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Hoboken NJ. Looking towards mid-town Manhattan NYC (Vikas Bhardwaj)

Hoboken NJ residents and frequenters are young (25-40). It has a vibrant small business downtown. It’s a proverbial “stay-ground” for the NYC financial district jet-set. And from the outset, seems to be one of the best places for a family to live and thrive. So, why does some folks just don’t like how the city has changed? Or is this just an act of over zealous and dispassionate citizens (past citizens) whom just remember the “good” parts of the Hoboken past?

Public Opinion::

Here are some quotes from self-proclaimed former residents and visitors of Hoboken, sourced from the inter-web.

One notes, “…it has succumbed to the same blandness that has made parts of Manhattan (Murray Hill I’m looking at you) into chain-store filled repositories for Wall Street d-bags…who want to stay in NJ but want a “city-lite” experience. It does have some pretty good restaurants, but too many of the bars are your typical nondescript Irish Pub or sports bar filled with an immediately post-college clientele still acting like they’re freshmen and experiencing freedom for the first time.”

Another pontificates, “…so it’s either Uptown Snobbery or Downtown 23-year-old scene. Don’t get me wrong…Hoboken’s OK, I even hang out there sometimes. It’s just that Downtown JC seems to have more authenticity to it, if that makes any sense. 10 years ago, Hoboken was actually quite hip.”

Does Hoboken have a sizable populous of “trust fund types” and recent grad’s whose rent is being subsidized by their parents? Yes, it does.”

One harshly stamps Hoboken living as, “fake city living”.


As in any city living, there are the ‘good’ and the ‘bad’. Every city has the ‘highlights’ and the ‘blights’. It’s just a territory which is inherent to lands that house multiple thousands of human beings. It just is.

After all, a city is a civilizational excuse, with which is built for the convenience between individuals to individuals. And much of the time, like many things in the world, ‘machines’ get worn out, re-routed, broken down, re-thought and re-invented.

And some of the changes rubs some the wrong way.

Some will tell you, compared to just about 30 years ago, Hoboken was part of the coast cities in NJ to have an “edge”. And when stating Hoboken was “edgy”, it meant it had many empty decrepit buildings, sectors of the city was underdeveloped, citizens were a bit ‘seedy’, and Washington Street (current heart of Hoboken small business activities) was a fraction of today.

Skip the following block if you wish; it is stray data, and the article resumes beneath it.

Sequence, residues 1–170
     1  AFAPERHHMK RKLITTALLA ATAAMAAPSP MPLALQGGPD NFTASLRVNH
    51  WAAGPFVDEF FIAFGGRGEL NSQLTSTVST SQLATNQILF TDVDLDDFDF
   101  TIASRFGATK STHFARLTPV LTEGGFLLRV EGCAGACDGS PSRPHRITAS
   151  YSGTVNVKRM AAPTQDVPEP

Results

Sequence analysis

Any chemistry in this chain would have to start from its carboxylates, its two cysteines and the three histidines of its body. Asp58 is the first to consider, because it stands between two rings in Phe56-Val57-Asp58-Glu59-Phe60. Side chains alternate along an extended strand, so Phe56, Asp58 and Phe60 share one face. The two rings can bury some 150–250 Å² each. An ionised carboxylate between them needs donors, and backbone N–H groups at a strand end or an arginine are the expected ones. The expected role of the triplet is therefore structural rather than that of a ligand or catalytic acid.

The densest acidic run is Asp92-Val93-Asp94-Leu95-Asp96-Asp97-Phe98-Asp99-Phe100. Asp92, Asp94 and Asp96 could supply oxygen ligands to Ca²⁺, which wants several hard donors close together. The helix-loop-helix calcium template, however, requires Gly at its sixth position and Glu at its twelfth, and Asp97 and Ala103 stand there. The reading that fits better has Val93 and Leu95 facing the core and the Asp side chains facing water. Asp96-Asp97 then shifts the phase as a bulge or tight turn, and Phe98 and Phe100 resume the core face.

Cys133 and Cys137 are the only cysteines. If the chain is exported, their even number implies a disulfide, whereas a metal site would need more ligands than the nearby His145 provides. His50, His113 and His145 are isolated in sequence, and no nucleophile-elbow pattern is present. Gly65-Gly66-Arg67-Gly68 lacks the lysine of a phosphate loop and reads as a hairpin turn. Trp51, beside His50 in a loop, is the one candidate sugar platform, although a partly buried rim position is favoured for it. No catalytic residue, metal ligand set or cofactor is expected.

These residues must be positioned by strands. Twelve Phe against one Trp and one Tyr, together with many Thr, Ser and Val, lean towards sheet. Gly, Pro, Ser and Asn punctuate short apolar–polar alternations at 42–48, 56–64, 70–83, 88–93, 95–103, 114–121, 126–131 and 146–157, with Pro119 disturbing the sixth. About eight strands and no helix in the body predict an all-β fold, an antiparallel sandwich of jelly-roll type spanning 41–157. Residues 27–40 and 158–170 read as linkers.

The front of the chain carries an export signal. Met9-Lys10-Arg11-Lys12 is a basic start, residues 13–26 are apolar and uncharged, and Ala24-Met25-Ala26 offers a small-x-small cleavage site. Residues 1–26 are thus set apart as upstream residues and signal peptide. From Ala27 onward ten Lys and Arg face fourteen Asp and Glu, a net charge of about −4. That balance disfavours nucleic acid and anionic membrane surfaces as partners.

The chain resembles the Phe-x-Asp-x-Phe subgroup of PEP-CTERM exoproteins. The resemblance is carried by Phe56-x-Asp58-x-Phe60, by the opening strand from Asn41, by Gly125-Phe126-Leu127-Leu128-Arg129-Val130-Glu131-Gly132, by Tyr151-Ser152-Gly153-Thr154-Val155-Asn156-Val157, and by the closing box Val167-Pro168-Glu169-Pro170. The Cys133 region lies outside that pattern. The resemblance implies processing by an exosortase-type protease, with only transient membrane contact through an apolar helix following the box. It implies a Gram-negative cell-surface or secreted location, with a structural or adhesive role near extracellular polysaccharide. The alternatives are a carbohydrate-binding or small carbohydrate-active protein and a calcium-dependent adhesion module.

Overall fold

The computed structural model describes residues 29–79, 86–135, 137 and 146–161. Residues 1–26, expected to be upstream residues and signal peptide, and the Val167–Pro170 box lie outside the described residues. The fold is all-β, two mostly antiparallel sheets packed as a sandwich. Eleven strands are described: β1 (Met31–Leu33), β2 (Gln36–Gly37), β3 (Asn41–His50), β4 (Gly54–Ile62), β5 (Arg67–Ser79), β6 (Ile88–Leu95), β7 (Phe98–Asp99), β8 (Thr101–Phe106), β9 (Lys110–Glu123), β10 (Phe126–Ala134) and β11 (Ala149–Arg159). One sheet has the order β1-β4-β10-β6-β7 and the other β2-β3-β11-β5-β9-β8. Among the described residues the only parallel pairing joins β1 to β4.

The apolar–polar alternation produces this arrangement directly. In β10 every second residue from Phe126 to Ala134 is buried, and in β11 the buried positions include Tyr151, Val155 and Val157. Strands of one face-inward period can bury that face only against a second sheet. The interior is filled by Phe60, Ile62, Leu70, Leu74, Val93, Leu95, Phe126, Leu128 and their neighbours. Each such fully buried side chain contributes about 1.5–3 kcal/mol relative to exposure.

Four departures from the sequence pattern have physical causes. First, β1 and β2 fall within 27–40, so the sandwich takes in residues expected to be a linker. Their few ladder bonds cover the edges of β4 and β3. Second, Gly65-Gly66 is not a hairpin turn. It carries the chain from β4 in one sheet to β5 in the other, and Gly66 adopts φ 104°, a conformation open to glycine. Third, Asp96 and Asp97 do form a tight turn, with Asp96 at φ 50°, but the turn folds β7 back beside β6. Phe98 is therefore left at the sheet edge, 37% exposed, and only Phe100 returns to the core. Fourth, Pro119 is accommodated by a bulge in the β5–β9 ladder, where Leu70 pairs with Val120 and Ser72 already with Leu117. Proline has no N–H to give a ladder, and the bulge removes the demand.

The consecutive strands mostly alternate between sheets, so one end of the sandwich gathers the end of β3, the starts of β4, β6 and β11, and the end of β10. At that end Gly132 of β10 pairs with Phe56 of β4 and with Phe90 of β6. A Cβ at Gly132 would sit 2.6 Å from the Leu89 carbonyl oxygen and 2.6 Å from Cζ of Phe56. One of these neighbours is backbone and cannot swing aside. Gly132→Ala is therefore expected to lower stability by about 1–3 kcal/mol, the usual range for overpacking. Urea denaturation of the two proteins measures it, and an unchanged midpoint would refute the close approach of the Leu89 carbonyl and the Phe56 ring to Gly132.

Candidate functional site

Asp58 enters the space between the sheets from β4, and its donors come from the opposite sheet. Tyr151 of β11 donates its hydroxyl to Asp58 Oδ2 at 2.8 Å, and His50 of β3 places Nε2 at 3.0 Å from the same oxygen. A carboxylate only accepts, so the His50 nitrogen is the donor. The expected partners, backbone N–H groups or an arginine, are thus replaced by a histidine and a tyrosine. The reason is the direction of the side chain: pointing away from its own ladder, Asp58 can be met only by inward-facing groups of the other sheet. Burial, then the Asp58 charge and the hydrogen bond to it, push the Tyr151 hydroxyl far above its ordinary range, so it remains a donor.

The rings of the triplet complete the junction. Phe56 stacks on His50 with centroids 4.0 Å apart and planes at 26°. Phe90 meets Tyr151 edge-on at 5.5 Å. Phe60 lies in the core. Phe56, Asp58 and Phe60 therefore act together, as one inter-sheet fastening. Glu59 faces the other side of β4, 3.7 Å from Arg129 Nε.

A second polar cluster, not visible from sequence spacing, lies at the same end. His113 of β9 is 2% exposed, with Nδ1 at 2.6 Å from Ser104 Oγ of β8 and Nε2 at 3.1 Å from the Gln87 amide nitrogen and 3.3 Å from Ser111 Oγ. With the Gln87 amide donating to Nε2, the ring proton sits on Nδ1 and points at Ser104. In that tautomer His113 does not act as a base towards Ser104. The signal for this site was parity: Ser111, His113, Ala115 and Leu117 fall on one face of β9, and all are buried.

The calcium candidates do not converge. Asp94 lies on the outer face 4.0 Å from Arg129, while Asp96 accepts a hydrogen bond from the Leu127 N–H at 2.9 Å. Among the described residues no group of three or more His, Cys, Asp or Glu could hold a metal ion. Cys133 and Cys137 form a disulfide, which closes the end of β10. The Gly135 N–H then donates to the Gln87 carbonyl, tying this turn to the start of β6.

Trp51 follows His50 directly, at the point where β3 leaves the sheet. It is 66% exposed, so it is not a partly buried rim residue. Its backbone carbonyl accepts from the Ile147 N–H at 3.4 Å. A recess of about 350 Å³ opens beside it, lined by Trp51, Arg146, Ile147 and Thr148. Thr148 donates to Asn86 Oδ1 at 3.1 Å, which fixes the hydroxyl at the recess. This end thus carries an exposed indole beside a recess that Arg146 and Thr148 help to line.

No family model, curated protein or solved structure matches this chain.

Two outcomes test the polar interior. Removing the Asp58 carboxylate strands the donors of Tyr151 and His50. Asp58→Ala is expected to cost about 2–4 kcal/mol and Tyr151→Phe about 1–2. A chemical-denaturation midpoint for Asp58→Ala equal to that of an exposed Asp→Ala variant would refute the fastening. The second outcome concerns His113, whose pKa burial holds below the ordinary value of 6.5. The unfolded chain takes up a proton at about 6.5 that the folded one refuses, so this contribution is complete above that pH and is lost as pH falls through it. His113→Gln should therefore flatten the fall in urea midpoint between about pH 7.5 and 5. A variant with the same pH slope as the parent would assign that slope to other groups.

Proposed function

But this is a matter of opinion, of course. We all remember the 70’s, the 80’s and the 90’s, and when a city was destitute it was very, very dangerous.

So, as in any incorporated business (yes, the township of Hoboken, is a business entity), it has to survive. There isn’t any surviving (thriving) without bodies living and paying taxes within its walls. And Hoboken had to re-invent itself.

And how did Hoboken achieve this? By marketing its fabulous location. Just needed ‘time’ to pass.

Just as realtors repeat “location, location, location”, Hoboken was destined to be valuable as it is now, again. The city’s primary “ace in the hole” is its location, and the undeniable property values draw new customers, left and right. 1970’s speculations started the land revolution, culminating into how Hoboken is perceived and treated in the current environment.

On the Waterfront. Marlon Brando. (1954)


Recognize this? “I could have had class. I could have been a contender. I could have been somebody. Instead of a bum…which is what I am.”

Many of us recognize the quote above. It’s the famous line from “On The Waterfront”. A film which was directed by the famous Elia Kazan, and the quote famously said by, non other than Marlon Brando. Did you know, the much of the filming was done on Court St, Hoboken’s Railway Station, Hudson St, and in the Waterfront.

Once, famous and overly recognized shoes walked in Hoboken.


It’s part of the human experience. The way we miss or reminisce about the past, of a city, we once live isn’t a unique explanation.

We as animals have a propensity to pick and choose how we remember reality, in many cases. Certainly a psychological uniqueness.

There’s absolutely no fault in how we remember focused aspects about “things” surrounding us. Our brains are just built that way.

As for Hoboken, it is what it is. Expensive, haughty, noisy (at times), young, elite, historic, and ‘classy’.

Wouldn’t say it’s Marlon Brando classy, but it is one great alternative places to live. Just bring the wad of cash and you’re “in”.

Be classy, y’all!


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City of Hoboken (NJ) city seal (